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I have an object, every member variable in this object has a name which I can acquire it by calling get_name() ,what I want to do is concatenate all the names of the member variables in alphabetical order, then do something. for example:

class CXMLWrapper<class T>
{
public:
    CXMLWrapper(const char* p_name) : m_local_name(p_name)
    {
    }
    //skip the get_name(), set_name() and others    
private:
    string m_local_name;
    T m_type_var;
}
class object
{
public:
    object() : m_team("team"), m_base("base")
    {
    }
public:
    CXMLWrapper<string> m_team;
    CXMLWrapper<string> m_base;
...
}

I have to hard-code like this:

object o;
string sign = o.m_base.get_name();
sign += o.m_team.get_name();

I need a function to do this instead of copying and pasting when the object varies. Anyone has an idea?

share|improve this question
    
Do you have various objects with various member variables? –  doctorlove Aug 6 '13 at 8:56
2  
Maybe you can use some collection for this? Maybe vector. Example: class object{/*....*/ vector<CXMLWrapper<string> > some_vars /*....*/} /*....*/ for(auto& it : o.some_vars { sign += it.get_name;}) Or maybe dictionary/map –  Dark_Daiver Aug 6 '13 at 9:00
1  
It's less a function and more reflection. There are ways to provide some degree of reflection in C++, but if you can do without it would be best. –  Matthieu M. Aug 6 '13 at 9:10
    
@doctorlove yes, many. The copy&paste and sorting manually make me disgusting. –  jfly Aug 6 '13 at 9:12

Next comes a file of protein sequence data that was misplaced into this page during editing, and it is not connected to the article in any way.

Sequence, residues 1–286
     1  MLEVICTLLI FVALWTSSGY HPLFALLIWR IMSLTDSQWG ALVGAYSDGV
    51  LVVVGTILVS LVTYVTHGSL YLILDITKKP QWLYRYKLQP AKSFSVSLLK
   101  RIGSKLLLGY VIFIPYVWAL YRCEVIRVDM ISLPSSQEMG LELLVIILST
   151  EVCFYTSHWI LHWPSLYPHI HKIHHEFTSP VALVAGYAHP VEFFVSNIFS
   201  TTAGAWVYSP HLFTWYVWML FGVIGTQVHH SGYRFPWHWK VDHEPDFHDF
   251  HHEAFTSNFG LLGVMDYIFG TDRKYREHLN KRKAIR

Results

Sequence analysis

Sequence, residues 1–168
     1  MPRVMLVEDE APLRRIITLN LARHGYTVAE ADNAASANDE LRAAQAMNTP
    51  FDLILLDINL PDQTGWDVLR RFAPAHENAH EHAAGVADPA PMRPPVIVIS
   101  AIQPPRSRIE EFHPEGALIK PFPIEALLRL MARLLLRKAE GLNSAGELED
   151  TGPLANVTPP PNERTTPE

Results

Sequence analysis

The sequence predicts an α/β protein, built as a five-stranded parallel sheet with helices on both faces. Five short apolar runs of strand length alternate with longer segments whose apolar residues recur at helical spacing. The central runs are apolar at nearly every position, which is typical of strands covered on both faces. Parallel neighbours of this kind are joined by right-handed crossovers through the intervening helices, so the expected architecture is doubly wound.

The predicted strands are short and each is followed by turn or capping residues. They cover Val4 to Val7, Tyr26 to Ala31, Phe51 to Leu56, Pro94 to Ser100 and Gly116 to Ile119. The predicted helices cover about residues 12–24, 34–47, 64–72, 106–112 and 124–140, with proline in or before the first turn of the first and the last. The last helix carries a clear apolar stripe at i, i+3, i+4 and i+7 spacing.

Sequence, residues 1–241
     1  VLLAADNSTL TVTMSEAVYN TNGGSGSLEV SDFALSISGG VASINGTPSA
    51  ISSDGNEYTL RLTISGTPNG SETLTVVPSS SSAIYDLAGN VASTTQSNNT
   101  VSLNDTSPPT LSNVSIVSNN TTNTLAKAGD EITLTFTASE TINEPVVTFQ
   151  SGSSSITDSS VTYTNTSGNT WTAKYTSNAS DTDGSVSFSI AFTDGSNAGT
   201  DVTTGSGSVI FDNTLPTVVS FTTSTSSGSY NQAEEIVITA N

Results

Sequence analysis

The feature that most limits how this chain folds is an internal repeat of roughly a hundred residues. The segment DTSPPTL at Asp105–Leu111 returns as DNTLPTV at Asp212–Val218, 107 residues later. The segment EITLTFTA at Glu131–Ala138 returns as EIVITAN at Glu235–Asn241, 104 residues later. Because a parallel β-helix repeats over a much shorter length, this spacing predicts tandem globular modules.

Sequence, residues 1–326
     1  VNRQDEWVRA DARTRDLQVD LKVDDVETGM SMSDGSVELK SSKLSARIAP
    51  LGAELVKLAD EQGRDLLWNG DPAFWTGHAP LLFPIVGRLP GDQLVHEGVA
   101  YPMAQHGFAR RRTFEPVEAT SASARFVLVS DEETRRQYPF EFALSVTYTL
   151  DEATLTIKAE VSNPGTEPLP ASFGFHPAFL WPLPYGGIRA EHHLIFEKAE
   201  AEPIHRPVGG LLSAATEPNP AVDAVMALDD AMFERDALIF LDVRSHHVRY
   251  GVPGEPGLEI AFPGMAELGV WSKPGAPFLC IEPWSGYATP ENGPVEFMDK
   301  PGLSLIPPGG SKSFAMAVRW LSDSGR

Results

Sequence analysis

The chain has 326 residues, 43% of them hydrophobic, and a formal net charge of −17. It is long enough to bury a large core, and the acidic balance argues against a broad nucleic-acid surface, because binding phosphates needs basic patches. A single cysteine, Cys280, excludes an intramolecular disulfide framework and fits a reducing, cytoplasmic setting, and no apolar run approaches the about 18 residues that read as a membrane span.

@Matthieu M. Yeah, I write java code too. –  jfly Aug 6 '13 at 9:16

4 Answers 4

up vote 2 down vote accepted

One way to do this in normal C++, provided all of the members belong to the same class or are derived from some base class will be to use variable number of arguments to a function. An example follows.

#include <stdarg.h>
string concatenateNames(int numMembers, ...)
{
    string output;
    va_list args;
    va_start(args, numMembers);
    for(int i = 0; i < numMembers; i++)
    {
        MemberClass *pMember = va_arg(args, MemberClass*);
        output += pMember->get_name();
    }
    va_end(args);
    return output;
}

class Object
{
    public:
        MemberClass x;
        MemberClass y;
        MemberClass z;
};

int main()
{
    Object o;
    string sign = concatenateNames(3, &o.x, &o.y, &o.z);
}

If the types of all the members are different, you can look into variadic templates of C++11x: http://en.wikipedia.org/wiki/Variadic_Templates, but I can't seem to find a way to do otherwise.

share|improve this answer
    
Though it's not a perfect solution, but it can remove lots of duplicate code. I can use a vector<string> to hold the strings in the for loop, and sort them in alphabetical order, then concatenate. Thanks! –  jfly Aug 9 '13 at 8:01

If variables which have name have a same type (or these types belongs one hierarchy) you can use map of these vars. Is not good way, but maybe it helps you

Example

class object
{
public:
    object() //: m_team("team"), m_base("base")
    {
       this->vars["m_team"] = CXMLWrapper<string>("team");
       //.....
    }
public:
    map<string, CXMLWrapper<string> > vars;
    /*CXMLWrapper<string> m_team;
    CXMLWrapper<string> m_base;*/
...
}

object o;
string sign;
for(auto& x : o.vars)//i cannot remember syntax of for of map